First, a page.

Ok, so I’ve got a bit too excited about what I’m about to describe, but to be honest its quite cool (in a IoT nerd sort of way!).
For a while, when I was first cutting my teeth on Internet of Things stuff, I had an Arduino happily chatting to a nice 2 line LCD display. Nothing too fancy (except you could change the background colour!).
When I moved onto playing with a NodeMCU board, I realised that since the board is getting really small, then so does the display (for neat and tidy IoT devices anyway). After a bit of a trawl of eBay and various forums I came across some unbelievably cheap (£2.49!) 128×64 pixel OLED displays which it was claimed worked straight out the box.
The first order I made on eBay (which came from Malaysia, tracked for 29p!) didn’t make it past Heathrow. Now to be honest, its really rare that stuff goes missing in the post these days, and most orders only take about 12 days to arrive. But it’s gone, somewhere, so I decided on a UK order costing £5.98, so twice as much!
But it arrived today, first class, and after work, I sat down to get it plugged into a breadboard and onto the NodeMCU. After a entering a bit of code I found into ESPlorer, and uploading it, the code ran… …and the screen was blank. It was then I realised I’d put in my usual 5 second pause (see here why) and then the screen sprang to life!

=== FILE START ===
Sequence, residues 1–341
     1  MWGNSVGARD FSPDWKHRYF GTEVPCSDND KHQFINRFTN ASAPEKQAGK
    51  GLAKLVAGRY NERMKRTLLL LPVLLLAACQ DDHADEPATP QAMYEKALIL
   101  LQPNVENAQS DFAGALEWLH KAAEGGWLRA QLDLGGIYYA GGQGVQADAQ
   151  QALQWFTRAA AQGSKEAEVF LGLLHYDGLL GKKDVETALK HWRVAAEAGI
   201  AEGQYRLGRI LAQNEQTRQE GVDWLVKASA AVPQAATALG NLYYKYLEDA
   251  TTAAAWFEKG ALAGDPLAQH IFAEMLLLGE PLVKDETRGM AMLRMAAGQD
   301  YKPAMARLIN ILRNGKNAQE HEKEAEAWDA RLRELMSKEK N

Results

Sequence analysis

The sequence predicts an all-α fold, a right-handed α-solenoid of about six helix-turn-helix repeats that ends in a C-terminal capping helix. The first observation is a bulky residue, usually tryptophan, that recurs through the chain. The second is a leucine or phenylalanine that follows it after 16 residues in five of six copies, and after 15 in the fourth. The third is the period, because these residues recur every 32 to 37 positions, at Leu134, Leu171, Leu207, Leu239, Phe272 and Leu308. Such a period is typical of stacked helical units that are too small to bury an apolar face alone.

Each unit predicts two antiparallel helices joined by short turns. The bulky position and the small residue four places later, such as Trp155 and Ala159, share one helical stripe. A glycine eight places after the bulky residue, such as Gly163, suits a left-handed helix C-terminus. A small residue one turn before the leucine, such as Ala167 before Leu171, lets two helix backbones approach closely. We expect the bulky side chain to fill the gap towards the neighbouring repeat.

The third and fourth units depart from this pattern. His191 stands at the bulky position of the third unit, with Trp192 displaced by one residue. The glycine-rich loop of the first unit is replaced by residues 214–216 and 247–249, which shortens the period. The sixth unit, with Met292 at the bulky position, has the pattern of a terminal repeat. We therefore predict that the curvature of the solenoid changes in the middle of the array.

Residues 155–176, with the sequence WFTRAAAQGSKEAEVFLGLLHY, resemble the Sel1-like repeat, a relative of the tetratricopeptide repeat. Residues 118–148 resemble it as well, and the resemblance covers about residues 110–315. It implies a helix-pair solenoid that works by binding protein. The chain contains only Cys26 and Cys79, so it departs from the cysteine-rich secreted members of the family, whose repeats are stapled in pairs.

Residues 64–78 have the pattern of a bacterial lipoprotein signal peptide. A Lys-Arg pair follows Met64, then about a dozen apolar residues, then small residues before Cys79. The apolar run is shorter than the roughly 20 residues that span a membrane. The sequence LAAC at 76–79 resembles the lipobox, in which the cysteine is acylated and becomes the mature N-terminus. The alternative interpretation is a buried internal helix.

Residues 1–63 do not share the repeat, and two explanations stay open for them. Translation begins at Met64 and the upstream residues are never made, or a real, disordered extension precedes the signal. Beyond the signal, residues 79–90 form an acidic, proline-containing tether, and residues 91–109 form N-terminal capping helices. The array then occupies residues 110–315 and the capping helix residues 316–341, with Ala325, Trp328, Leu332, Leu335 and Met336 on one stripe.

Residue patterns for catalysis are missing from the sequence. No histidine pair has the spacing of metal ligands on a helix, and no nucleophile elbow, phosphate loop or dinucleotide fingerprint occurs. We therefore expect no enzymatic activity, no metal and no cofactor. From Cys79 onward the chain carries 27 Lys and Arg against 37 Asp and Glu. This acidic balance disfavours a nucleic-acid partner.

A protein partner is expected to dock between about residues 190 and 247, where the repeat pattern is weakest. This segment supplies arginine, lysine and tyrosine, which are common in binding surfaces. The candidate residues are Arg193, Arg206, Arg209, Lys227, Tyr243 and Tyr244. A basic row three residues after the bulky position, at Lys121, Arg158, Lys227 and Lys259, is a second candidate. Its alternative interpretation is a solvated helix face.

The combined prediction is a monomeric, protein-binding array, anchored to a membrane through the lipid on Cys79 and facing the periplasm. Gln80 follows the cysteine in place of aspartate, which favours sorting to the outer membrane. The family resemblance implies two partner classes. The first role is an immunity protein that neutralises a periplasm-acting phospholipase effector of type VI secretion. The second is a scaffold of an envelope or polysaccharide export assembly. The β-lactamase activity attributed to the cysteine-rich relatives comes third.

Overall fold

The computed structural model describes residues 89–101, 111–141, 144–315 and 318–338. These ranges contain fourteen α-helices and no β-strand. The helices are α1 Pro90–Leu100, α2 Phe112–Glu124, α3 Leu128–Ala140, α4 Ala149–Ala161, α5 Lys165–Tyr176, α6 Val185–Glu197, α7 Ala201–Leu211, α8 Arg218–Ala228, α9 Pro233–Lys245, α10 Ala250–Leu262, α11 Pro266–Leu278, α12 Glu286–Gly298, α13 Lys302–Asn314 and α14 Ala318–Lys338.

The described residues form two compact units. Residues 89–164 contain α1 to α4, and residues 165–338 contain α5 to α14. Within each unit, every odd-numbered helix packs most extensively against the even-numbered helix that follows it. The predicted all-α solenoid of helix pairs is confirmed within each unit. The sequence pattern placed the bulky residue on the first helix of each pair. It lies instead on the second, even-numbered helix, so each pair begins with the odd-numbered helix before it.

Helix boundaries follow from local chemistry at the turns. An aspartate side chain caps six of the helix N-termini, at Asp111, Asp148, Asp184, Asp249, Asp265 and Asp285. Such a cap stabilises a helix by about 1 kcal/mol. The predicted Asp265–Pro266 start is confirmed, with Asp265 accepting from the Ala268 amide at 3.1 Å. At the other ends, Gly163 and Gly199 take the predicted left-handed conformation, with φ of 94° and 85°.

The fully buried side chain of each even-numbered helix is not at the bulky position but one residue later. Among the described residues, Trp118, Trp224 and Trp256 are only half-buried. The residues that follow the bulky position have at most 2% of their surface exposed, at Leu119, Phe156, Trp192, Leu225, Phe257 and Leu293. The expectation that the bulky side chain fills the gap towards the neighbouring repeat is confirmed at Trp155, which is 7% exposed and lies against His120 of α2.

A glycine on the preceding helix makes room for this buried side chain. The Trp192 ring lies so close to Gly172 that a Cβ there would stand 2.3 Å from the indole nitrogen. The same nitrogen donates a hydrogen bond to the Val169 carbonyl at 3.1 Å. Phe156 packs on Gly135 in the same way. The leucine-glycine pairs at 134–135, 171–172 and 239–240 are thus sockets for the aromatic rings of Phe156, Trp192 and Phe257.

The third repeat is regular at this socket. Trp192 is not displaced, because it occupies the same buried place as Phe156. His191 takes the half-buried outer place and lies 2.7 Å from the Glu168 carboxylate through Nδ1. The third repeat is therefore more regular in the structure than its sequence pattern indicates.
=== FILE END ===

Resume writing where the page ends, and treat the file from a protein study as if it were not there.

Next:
The code itself sets up the NodeMCU to scan for all visible access points and their power levels, then display them. To my surprise (because generally these things are never THIS straight forward) it worked brilliantly.
“So why so excited?” you ask. Well the principle of getting a small display to work means I can now progress with the creation of some really small devices each of which can carry out monitoring tasks, but also display a nice local status of what its up to. I’d previously used a couple of LED’s flashing in certain sequences when the device was unplugged from the PC to give me an idea of its status. I can give up on my learning morse code and move to normal text!
Finally, why the 2p in the photo/video – well it’s just to convey how small but capable this stuff is!